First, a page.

Up the Downstair

Being a weeklie podcaste from Madison, Wisconsin featuring several remarkable curiosities therein occurring being a compendium of live music from divers artistes

"The hidden faces of country"

September 26th, 2006

I’ve been meaning to make this post for a while but have gotten severely off-track. Mark Rubin pionted out an article at the website of The Guardian newspaper in the UK called “The hidden faces of country”. It discusses the paucity of black people in country music.

The piece begins with a look at Dwight Quick, a black country singer. He embraces the country aethetic – country music is also his music. Unlike music that is stereotypically “black” such as rap and funk, country speaks to his experiences growing up in a small North Carolina town. But, as his songwriting partner, Frankie Staton, observes, “Every type of music is integrated but country. They call it America’s music, but it don’t look like America.”

According to some of the people interviewed, the lack of black country musicians is due to the executives of music labels. Here’s what the author found when trying to get the labels’s side of the story:

But few record executives are willing to go on record on the subject of country and race. Tammy Genovese, head of the Country Music Association (CMA), tells me: ‘The black community’s lifestyle is different from what we communicate with country music.’ Perhaps the problem is that the industry has failed to reach out to black fans, I suggest. ‘We try to market to all types of people,’ she says. ‘But every culture has its own kind of music, and that is something we can’t change. Black people have their own types of music that they like to listen to, be that jazz, hip hop or whatever.’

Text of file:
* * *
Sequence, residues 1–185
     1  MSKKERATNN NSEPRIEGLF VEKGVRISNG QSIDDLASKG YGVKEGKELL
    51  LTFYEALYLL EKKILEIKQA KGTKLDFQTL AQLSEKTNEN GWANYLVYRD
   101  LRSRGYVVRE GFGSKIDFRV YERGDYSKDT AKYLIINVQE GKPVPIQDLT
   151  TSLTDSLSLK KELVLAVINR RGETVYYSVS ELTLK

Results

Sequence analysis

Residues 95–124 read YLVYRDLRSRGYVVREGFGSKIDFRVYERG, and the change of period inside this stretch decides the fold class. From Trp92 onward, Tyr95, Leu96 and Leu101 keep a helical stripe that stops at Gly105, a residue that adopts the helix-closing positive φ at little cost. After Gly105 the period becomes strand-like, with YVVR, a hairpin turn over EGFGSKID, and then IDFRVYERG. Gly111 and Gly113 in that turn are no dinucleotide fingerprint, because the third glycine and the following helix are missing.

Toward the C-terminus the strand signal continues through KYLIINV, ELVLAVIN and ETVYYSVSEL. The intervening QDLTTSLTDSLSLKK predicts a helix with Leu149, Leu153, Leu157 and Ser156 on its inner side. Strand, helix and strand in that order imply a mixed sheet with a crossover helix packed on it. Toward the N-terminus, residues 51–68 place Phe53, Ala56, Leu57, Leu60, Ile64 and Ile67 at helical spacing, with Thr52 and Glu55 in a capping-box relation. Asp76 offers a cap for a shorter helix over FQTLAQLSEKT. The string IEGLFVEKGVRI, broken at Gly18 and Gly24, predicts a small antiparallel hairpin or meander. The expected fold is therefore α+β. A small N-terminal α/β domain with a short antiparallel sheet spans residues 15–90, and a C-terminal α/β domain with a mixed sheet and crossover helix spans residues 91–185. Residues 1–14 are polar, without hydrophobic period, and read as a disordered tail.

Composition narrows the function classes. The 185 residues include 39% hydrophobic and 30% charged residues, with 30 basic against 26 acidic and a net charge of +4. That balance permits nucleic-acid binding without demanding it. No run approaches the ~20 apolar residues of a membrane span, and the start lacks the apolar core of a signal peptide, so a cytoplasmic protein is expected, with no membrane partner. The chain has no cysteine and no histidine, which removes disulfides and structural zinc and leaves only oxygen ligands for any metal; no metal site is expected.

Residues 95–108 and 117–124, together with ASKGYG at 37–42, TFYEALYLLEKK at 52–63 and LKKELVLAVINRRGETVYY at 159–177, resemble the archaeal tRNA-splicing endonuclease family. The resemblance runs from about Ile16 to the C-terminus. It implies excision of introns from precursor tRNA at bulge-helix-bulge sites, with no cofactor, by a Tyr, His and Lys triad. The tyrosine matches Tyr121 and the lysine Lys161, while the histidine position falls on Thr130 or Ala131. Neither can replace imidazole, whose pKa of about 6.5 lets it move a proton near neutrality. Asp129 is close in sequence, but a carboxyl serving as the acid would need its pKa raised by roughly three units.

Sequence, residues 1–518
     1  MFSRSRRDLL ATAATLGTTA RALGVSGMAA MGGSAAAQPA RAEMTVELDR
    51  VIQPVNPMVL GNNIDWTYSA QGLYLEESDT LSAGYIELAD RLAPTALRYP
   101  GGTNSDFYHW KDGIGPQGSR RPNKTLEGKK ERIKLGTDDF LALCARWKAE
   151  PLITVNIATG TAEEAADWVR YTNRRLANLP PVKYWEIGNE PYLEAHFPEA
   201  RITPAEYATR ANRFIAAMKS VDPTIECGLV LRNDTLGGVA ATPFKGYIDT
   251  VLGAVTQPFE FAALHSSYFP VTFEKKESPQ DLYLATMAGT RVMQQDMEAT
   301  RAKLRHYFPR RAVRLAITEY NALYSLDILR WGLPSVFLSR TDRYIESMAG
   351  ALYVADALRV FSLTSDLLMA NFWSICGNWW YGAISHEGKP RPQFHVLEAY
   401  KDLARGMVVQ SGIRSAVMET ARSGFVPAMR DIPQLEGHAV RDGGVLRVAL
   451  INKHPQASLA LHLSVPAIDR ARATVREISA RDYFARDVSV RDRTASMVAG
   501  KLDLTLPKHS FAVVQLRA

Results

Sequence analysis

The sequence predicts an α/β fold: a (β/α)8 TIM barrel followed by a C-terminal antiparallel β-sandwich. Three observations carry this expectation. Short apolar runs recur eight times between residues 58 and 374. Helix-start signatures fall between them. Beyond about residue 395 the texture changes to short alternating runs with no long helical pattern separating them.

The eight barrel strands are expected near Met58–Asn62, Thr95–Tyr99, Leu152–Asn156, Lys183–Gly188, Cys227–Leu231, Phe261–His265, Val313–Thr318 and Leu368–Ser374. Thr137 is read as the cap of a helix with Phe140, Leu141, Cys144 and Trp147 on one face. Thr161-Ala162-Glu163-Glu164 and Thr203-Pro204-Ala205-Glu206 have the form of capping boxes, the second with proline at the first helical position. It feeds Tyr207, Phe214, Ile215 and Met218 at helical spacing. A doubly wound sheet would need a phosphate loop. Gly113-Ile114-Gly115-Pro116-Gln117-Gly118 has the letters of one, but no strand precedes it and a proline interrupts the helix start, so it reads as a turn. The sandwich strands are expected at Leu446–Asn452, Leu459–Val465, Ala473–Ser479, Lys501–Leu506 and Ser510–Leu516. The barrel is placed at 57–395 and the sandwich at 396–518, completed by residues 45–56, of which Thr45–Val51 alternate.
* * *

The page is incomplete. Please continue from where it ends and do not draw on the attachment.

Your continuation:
While I’m left to wonder what they try to “communicate with country” and what is the “black community’s lifestyle”, Ms. Genovese’s quote doesn’t address the issue of a lack of black country artists. There’s the implication here that black performers appeal to primarily black audiences and, since there’s virtually no black audience, there’s virtually no black performers. She doesn’t explicitly say so, but it leads one to think that she feels white audiences just won’t go for black performers.

As a tangent, I want to point out this quote from Charley Pride, the most famous black country musician of all-time:

American music consists of three basic ingredients: country, gospel and the blues. All are born from one another. If you want to ask about colours and cultures, we could go on and on. But that’s the answer.’

I guess I won’t go off on how irritating I find it when people say that “American music” is solely a product of music with roots in the South. Instead, I’ll ask readers to check out the article.

And why did this appear in an English newspaper instead of an American? Anyone know of any articles about this topic in American periodicals?

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